A full GR-33 setup includes the floor converter unit, a 13-pin enabled guitar (either something like a Brian Moore i8.13 or a GK-2A/GK-3A pickup mounted on a standard electric guitar), and the cable to connect them. The pickup is useless without a converter, and the converter is useless without a pickup.
Sound-wise this unit is more-or-less a Roland JV-1080. Although the sound is clean and clear, it is not very thick or rich. Since you can blend two tones together and layer them on top of your guitar sound, which can be fed to external processors via an effects loop, this doesn’t matter too much in most cases. However, if you’re looking to compete with someone playing a nice analog synthesizer you’re going to want to connect an external module to the MIDI out because the synth sounds themselves on this can be a little plain at times.
The pickup is useless without a converter, and the converter is useless without a pickup.
It’s as versatile as your average ROMpler. There are built-in sounds to fit into nearly any style of music, although they are not very tweakable beyond minor digital effects and the typical ROMpler settings like arpeggiation, sustain, attack, etc.
The reason it scores nicely is not just the respectable selection of waveforms at 384, but the ability to play using guitar tone only, guitar tone mixed with synth tone, or straight synth tone. Coupled with the fact that it works as a complete standalone all-in-one unit and has the necessary connections to allow vast amounts of expansion, this unit is quite versatile and will change your average guitar into a complete orchestra.
Guitar synths are notoriously difficult to master without glitches or wrong notes. However, the GR-33 does a good job of eliminating false triggers and ghost notes, although they are passed on through the MIDI chain, making this advanced filtering all but useless to those using outboard gear. The internal sound module seems to be designed to respond a little differently to the same data. Mastering this thing will make a person a more accurate guitarist and probably surprise him or her by showing how sloppy their technique really is. That said, a person that has never played one of these before could still pick it up and sound decent just strumming chords, although some of the patches will sound rather “squonky” when strummed.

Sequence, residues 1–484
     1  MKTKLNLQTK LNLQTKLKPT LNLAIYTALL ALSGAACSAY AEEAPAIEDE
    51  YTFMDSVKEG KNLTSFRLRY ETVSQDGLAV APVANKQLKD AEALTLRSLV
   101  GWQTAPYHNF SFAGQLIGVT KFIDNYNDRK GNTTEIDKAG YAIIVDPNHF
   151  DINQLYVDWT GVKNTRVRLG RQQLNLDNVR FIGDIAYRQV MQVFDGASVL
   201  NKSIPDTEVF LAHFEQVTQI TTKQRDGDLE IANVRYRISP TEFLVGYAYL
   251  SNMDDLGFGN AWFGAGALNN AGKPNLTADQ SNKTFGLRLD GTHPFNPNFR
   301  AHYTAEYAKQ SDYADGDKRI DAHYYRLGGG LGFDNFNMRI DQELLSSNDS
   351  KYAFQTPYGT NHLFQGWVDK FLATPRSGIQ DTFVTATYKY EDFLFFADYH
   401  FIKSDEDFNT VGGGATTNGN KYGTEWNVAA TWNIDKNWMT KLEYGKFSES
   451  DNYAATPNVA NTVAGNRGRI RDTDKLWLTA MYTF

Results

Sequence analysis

The assignable continuous controller pedal can be rather useful for controlling panning, how tones are blended, effect depth, and the like. Add to that the hold pedal, the wah, pitch shift pedal, the pedal for turning the arpeggiator on/off, and the ability to change patches from the hex pickup on the guitar and you have a reasonably controllable synth. It doesn’t have much in the way of realtime filters and effects, but excessive knobbery would be a pain anyway with such a device. A second controller pedal would be a welcome addition to the unit and would not make it too bulky with it being fairly narrow compared to most all-in-one floor effects units.
I spent a sizeable amount of time controlling this unit with a bass guitar. My advice on that front is: Don’t. The response is slow and note triggering is generally pretty erratic with a bass. Other synthesizer units are far more suited to bass control. The functionality with bass control is passable at best, which is probably why Roland later released a bass version of the GR-33.